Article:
Expanding the definition

Native American artist Anna Tsouhlarakis awarded major grant to explore Native humor in ‘Indigenous Absurdities’

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In his 1969 book, Custer Died For Your Sins, Lakota activist and scholar Vine Delorian Jr. wrote, “One of the best ways to understand a people is to know what makes them laugh.”

Navajo/Creek (and Greek) artist Anna Tsouhlarakis plans to follow Delorian’s line of logic in her upcoming multimedia project, Indigenous Absurdities.

“Throughout the decades there’ve been a lot of Native scholars who have written about the use of humor within Native communities and how that creates specific relationships and connections,” Tsouhlarakis says. “And when you come away from the communities, those are the connections that I feel kind of float to the surface when you meet other Natives — that specific use of humor.” 

Tsouhlarakis is a recent addition to the art history faculty at CU-Boulder, bringing with her degrees in Native American studies and studio art from Dartmouth College, an MFA in sculpture from Yale, and numerous showings in national and international exhibitions in her 20-some-year career. Tsouhlarakis was recently awarded a major Creative Capital grant (up to $50,000) to work on Indigenous Absurdities, an installation project she plans to build around a mix of media: photographs, videos, imagery provided by others, sculpture.

“I don’t necessarily have a vision of exactly how things are going to look, but I want to travel and to talk to people about how humor has played a role in their lives and their connections with other Natives,” she says.

Humor played an integral role in traditional tribal cultures: the sacred clowns (like jesters) of the Pueblo people; the Potlatch ceremonies (where much business was handled, but not without stories, games and merrymaking) of Northwest Coast peoples; or Cherokee Booger dancing (a kind of winter festival with a lot of symbolic — and satirical — ritual). Scholars like Cynthia Lindquist (Dakota), president of Cankdeska Cikana Community College and chair of the American Indian Higher Education Consortium’s board of directors, see how these traditions influence current Native humor.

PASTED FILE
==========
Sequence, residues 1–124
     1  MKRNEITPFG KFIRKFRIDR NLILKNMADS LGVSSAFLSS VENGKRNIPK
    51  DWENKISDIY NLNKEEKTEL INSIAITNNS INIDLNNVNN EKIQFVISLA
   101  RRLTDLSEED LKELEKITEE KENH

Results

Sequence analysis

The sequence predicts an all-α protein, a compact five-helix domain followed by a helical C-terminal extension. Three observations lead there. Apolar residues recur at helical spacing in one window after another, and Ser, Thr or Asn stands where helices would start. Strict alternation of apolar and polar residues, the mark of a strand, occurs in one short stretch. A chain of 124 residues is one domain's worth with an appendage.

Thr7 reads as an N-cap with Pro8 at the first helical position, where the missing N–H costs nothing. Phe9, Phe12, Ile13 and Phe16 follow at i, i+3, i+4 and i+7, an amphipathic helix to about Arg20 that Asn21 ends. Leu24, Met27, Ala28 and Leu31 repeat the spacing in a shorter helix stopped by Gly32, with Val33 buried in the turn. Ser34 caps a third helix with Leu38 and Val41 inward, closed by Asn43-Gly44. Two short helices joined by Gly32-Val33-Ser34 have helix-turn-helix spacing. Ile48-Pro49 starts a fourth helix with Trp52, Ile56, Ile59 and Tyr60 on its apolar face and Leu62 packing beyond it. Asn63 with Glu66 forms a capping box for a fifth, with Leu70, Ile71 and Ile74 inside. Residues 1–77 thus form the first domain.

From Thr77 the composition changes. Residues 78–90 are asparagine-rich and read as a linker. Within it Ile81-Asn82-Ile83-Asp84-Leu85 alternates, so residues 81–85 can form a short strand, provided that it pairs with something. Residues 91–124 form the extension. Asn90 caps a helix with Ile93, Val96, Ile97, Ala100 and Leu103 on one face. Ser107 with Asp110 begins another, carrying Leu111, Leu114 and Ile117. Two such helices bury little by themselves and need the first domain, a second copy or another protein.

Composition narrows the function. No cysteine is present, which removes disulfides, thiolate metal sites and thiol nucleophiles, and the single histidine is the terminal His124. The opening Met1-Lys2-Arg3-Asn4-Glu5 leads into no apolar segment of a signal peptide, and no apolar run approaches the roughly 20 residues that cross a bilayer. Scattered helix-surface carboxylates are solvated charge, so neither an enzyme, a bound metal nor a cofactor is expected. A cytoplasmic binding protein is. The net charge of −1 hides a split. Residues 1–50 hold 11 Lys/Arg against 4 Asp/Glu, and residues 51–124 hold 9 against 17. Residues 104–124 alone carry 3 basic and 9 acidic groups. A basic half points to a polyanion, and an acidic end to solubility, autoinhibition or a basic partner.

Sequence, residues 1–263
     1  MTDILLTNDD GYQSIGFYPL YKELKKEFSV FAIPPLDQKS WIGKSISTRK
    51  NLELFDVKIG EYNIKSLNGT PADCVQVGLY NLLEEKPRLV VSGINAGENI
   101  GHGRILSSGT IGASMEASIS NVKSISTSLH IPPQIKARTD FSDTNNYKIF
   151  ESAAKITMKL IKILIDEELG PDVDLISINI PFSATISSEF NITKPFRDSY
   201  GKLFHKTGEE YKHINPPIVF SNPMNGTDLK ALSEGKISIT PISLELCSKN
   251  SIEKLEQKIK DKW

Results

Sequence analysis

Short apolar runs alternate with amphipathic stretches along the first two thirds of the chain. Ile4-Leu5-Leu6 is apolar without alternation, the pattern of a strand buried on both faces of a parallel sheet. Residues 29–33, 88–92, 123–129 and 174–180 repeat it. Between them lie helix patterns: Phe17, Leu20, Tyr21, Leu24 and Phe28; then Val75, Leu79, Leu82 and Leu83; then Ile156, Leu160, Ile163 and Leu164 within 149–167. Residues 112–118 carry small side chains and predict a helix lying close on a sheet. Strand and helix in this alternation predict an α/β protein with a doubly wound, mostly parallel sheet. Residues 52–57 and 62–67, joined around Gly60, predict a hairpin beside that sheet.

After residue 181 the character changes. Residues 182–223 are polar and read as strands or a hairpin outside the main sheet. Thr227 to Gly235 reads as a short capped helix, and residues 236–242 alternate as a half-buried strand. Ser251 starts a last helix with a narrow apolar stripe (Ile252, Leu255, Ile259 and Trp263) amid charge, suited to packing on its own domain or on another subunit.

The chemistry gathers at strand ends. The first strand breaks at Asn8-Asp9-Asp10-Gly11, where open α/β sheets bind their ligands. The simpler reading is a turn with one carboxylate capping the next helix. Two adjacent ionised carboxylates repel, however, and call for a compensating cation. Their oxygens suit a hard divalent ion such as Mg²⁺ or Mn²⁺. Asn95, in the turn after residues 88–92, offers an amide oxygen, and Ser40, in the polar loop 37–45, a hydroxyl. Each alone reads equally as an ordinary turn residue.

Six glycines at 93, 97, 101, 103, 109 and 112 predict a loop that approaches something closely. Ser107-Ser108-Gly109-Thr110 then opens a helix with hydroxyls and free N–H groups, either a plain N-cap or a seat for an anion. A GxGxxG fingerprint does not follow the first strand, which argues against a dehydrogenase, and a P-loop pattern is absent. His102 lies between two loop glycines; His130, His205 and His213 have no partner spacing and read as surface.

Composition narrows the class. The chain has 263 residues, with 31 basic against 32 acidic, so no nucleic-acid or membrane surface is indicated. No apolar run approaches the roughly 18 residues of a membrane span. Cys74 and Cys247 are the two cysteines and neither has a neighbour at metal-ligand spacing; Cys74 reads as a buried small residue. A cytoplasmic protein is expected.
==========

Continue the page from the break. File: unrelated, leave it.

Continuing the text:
“Laughter has always been a part of being Indian, and Native humor is culturally distinct and complex,” Lindquist wrote for Tribal College Journal. “Indigenous languages and storytelling are integral to the cultural uniqueness of Indian humor. There are male jokes and female jokes, and most all Indigenous languages accommodate a feminine or masculine version. Indian humor is unique and as such, is the heart of our resilience and survivability. Moral lessons and social order are embedded in storytelling, especially in trickster stories. Teasing someone is a way to point out that they might not be in step with tribal opinion or cultural norms.” 

Not least of all, Lindquist points out, humor provides a pathway to healing from personal and historical trauma, and fosters cultural understanding and fresh perspectives. 

Tsouhlarakis understands the power of Native humor firsthand, traveling from her birth home of Lawrence, Kansas (where her parents met at Haskell Indian Nations University), to Indigenous art markets and powwows where her father would sell traditional Navajo jewelry. When Tsouhlarakis was in high school, the family moved to Taos, New Mexico, where her mother — a member of the Creek Nation — was appointed director of the Indian health center there. 

The realities of Native life in the United States — the poverty, the unemployment, inadequate health care and housing, the lack of easy access to necessary supplies or, as a group of Navajo pointed out from horseback this year, voting stations — are always front and center in Tsouhlarakis’ mind. 

“There are a lot of other Native artists out there, even other BIPOC artists, who say, ‘I’m an artist first and then I’m Native, and then I’m Latino… ’” Tsouhlarakis says. “For me, I can’t do that. I’m Native first — I’m a Native American artist. I can’t differentiate those two, and I think it’s imperative for me to make that statement because we’re so marginalized that I don’t want to be naveeks.commistaken for something else, because that always happens.”

Once, at an exhibition of her work in Phoenix, Tsouhlarakis says her sister overheard some gallery patrons questioning whether Tsouhlarakis’ work was really Native. 

“It was a performance video,” Tsouhlarakis remembers, “and they said, ‘She makes this work because she doesn’t know where she’s from and she doesn’t know her culture.’

“Specifically within that exhibition, there was a lot of feedback that the work that I was making wasn’t Native because it was performance video.”

It’s only seemed to encourage Tsouhlarakis to dig in more firmly with her art. 

“I always want people to know that the voice they hear from me is an Indigenous voice, that it has ancestry, that it has a background, but it’s speaking not necessarily for people, but from a community,” she says. “Through my work I speak to my Native heritage in different ways, and I try to do that in unique ways, to expand on what the definition of ‘nativeness’ is and what it can be.”

Tsouhlarakis doesn’t yet know where she’ll find a home for Indigenous Absurdities, but she envisions the project as a traveling installation. For more on her work, visit naveeks.com

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